From the International Classification of Diseases (ICD)-10:
A cluster of behavioural, cognitive and physiological phenomena that develop after repeated substance use and that typically include: A strong desire to take the drug, Difficulty controlling use, A higher priority given to drug use than to other activities and obligations, Persisting in use despite harmful consequences, Increased tolerance, Sometimes, a physical withdrawal state.

From the DSM-IIR:
At least 3 of the following criteria would be seen for a diagnosis of substance dependence: Substance often taken in larger amounts or over a longer period than intended, Persistent desire or one or more unsuccessful efforts to cut down or control use, A great deal of time spent in activities necessary to get the substance, use the substance or recover from its effects, Important social, occupational or recreational activities given up or reduced because of substance use, Continued substance use despite knowledge of having a persistent or recurrent social, psychological or physical problem that is caused or exacerbated by the use of the substance, Substance often taken to relieve or avoid withdrawal symptoms.

What do you think?

I am sure I have a physical dependence and addictive type problem with sugary foods and refined carbs. When I wanted that ice cream, I DIDN'T want it. I really felt almost powerless to the inner desperation for the ice cream. And I used to BE powerless. I *always* bought the stuff that I was craving, because NOT buying it was more painful for me than buying it and being fat. But there came a day when being fat got to be more painful than fighting the addiction. And that's why I am not morbidly obese anymore.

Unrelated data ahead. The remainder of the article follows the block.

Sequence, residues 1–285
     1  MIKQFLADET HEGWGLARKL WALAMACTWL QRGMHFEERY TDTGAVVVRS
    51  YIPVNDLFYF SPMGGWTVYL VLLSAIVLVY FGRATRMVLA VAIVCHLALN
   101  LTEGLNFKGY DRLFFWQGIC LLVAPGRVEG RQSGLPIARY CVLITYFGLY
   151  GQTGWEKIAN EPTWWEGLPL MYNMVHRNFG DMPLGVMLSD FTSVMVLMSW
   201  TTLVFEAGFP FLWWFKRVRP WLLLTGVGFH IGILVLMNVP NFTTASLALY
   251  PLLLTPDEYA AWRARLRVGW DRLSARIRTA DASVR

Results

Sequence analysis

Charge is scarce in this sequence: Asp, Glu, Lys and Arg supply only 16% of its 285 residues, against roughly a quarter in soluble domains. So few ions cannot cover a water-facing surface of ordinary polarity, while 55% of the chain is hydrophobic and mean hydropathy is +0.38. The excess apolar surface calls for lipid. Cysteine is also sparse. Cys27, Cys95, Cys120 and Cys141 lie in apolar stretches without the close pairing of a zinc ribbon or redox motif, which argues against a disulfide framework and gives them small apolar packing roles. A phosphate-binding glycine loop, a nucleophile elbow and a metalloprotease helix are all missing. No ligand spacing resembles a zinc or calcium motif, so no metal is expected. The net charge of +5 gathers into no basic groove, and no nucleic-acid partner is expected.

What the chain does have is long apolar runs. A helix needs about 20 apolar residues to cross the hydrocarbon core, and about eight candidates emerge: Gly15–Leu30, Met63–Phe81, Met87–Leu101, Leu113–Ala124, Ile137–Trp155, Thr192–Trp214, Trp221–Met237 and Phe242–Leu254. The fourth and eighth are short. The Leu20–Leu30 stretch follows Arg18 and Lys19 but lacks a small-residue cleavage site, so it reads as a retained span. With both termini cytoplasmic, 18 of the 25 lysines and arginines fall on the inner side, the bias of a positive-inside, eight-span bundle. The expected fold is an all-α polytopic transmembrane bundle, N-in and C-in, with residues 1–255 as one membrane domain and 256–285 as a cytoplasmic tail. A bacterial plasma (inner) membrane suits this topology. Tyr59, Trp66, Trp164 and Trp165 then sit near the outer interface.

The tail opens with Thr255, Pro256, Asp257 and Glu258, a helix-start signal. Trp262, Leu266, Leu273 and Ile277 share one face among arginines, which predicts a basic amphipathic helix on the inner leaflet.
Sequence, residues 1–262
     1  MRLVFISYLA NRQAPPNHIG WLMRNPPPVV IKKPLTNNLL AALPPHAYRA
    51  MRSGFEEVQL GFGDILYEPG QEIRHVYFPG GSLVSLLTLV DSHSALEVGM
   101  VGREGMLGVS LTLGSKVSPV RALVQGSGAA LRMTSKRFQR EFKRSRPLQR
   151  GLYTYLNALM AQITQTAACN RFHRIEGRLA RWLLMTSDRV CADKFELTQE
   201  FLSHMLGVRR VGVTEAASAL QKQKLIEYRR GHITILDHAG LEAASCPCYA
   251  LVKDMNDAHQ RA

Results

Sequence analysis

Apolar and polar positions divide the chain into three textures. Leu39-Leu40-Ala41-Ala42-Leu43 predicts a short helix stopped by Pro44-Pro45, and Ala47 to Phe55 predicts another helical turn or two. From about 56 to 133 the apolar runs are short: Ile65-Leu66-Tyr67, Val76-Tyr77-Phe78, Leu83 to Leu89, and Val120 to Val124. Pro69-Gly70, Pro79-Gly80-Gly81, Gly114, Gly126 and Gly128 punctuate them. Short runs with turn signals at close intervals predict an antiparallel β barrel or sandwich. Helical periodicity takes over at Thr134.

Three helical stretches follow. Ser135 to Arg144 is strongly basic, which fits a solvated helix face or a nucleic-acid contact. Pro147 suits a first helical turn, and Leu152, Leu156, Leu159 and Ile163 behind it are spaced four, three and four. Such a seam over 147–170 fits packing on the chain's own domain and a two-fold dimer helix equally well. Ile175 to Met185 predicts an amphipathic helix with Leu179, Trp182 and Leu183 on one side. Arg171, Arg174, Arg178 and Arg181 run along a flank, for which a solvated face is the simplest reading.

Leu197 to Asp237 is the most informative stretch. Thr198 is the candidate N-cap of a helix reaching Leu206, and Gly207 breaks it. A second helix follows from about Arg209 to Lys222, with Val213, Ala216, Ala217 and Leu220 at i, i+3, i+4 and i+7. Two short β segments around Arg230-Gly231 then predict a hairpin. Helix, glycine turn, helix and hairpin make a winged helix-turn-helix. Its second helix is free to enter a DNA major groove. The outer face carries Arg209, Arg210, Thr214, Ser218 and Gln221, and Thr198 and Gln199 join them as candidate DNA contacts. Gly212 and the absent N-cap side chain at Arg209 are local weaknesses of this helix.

Okay, so all these words... what's the point? The point is, frankly, to EDUCATE myself and others about what is going on, to TEACH myself how to react in a more favorable way to these cravings, and to DISTRACT myself from how bad my headache is, how intense the PMS is, and how badly I want (and DO NOT WANT) to get back in my car, go back to the store, and buy that ice cream.

I dunno what the rest of my day will bring, but I do know that I have been 100% successful so far today. I know the PMS and the headache will pass. I know that I have learned and changed enough over the past year and a half to at least maintain in the 220's... so that I no longer believe I will ever regain back up to 280 pounds or more. I have made permanent changes that allow me to stick around THIS new weight. But like stair steps, the weight is going to go down again. Because every day I learn something new about myself, about food, about life. I am learning to cope. I am making better and better choices every day. It's not perfect, but eventually, I will get to where I want to be.

I am, however, going to have to abstain from sugar, I think, for the rest of my life. And I am getting closer and closer to accepting that. When I lived in the south, I taught a Sunday School class for teenagers. Part of the lesson we were having one day was about how, in heaven, all the people and animals will be at peace. Lions eating grass, laying with the lamb, etc. "But what about ribs?" said one strapping boy. "Ribs?" I said? "Yeah! If we won't be able to kill animals in heaven, what about barbecue ribs? And sausage? What about burgers?" "Well, " I said, "I guess we won't eat meat in heaven." Every teen in the room gasped. And my good ol' boy teenage student crossed his arms and replied, "I don't want to go to heaven if there ain't no ribs. No biscuits 'n' sausage gravy? Come on now. That ain't heaven. I ain't goin.'" And all the other boys in class shook their heads in agreement.